DCSIMG

Aberdeen church breaks away over gay ministers row

The Gilcomston South Church, on the city's Union Street. Picture contributed

The Gilcomston South Church, on the city's Union Street. Picture contributed

  • by FRANK URQUHART
 

AN Aberdeen congregation has become the latest to break away from the Church of Scotland in the growing row over the ordination of gay ministers.

Members of Gilcomston South Church in Aberdeen’s Union Street will hold their first service as a separate congregation in a city centre hotel next month following the official resignation of the church’s minister, the Rev Dominic Smart.

Gilcomston Church is less than a mile from Queen’s Cross Church which sparked the church schism by inducting the Rev Scott Rennie as the first openly gay minister in the Church of Scotland.

The new church will hold its first service on 10 March at the Copthorne Hotel in Huntly Street.

Mr Smart said: “We wait to see how many people will be there from the present Church of Scotland congregation but we expect a substantial majority. In the meantime we’ve continued to have cordial and constructive discussions with Aberdeen Presbytery’s Special Committee.”

He said the Kirk’s stance on gay ministers was a “probably just a stretch too far in the breadth of the Church of Scotland.”

Mr Smart, who has been the Minister at Gilcomston since 1998, added: “We believe it was taking th Kirk away from what the Bible teaches quite clearly.

“Our decision to leave was the culmination of careful study, sincere discussion and prayer over the past four years. We have weighed up many different options and believe the decision we have reached has the most integrity.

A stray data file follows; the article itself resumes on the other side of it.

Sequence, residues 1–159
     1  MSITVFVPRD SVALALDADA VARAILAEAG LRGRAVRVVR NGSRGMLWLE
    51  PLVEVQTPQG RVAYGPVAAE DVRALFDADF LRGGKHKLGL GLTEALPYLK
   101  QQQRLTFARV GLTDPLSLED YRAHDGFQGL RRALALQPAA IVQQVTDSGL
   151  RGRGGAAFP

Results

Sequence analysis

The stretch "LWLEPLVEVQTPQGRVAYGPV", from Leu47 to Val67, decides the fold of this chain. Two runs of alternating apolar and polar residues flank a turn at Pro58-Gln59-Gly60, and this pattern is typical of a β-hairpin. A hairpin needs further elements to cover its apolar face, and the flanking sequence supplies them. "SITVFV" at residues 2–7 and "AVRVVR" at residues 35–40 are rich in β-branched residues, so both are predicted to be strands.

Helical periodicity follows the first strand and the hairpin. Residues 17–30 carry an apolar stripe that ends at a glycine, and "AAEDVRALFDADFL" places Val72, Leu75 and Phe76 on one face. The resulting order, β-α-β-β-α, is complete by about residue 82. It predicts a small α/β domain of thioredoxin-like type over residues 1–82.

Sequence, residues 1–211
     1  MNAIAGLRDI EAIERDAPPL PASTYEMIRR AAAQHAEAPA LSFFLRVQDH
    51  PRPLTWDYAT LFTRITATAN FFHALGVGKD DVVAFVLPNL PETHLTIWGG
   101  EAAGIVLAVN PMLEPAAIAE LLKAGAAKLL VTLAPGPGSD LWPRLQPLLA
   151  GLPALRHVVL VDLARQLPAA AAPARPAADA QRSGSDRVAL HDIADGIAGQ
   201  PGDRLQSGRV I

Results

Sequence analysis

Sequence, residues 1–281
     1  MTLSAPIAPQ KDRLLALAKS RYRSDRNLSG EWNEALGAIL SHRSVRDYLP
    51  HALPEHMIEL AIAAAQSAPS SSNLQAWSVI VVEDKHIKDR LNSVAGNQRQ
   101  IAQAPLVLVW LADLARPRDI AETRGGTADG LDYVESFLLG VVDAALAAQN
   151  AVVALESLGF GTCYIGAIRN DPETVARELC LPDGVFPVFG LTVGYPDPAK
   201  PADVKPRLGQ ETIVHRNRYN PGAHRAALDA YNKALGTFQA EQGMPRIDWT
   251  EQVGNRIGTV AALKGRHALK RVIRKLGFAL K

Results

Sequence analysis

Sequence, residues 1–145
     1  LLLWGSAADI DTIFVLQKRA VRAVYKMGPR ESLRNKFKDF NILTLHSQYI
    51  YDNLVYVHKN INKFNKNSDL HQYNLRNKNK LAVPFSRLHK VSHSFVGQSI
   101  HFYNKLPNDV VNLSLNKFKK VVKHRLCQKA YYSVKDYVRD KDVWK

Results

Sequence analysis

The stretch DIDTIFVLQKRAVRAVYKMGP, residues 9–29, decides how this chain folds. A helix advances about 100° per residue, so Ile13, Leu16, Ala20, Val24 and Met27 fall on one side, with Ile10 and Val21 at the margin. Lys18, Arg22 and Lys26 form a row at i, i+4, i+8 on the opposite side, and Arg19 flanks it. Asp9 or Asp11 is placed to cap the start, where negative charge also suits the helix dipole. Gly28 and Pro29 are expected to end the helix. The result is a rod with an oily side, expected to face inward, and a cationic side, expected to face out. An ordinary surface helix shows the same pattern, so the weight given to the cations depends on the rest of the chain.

“We are looking forward to the first chapter in the life of our new congregation. We will join another denomination in due course but are not rushing into a new affiliation. Our heartfelt priority is

to continue our wide-ranging work and worship in Aberdeen’s city centre communities.”

Origins

Gilcomston South Church can trace its origins to a “chapel of ease” which existed in the centre of Aberdeen in the late 18th century. The 1,300-strong congregation left the Church of Scotland in 1843 during the Disruption and worshipped for a time in the “Church of the Original Seceders in Skene Square” A site for a new church in Union Street was then chosen and the present church building was opened in September 1868 by the Moderator of the Free Church Assembly.

Gilcomston United Free Church returned to the fold in 1929 to become Gilcomston South Church of Scotland following the union of the United Free Church and the Church of Scotland.

The church almost closed during the Second World War but its congregation was transformed following the appointment of the Rev William Still, who served as minister from 1945 to 1997. Mr Still was the longest-serving minister in the Kirk when he retired on his 87th birthday. The Rev George Cowie, Joint Presbytery Clerk of Aberdeen and Convener of the Special Committee of Presbytery, said: “We are sorry and saddened when any minister or members feel they have the need to leave the Church of Scotland but we are thankful for the way both the minister and congregation of Gilcomston South have conducted themselves in this difficult time,

“We have been talking to the minster and representatives of the congregation and continue to do so. These talks have been cordial and gracious on both sides.”

He added: “Each congregation is different and any agreement reached with the minister and members of Gilcomston South will reflect the particular situation there. In this case, the Presbytery has yet to determine the future of the continuing Church of Scotland congregation, but it remains committed to providing for those who wish to remain members of the Church of Scotland. In the meantime we are working together in the hope of reaching a suitable solution and we are encouraged by the graciousness of these proceedings.”

 
 
 

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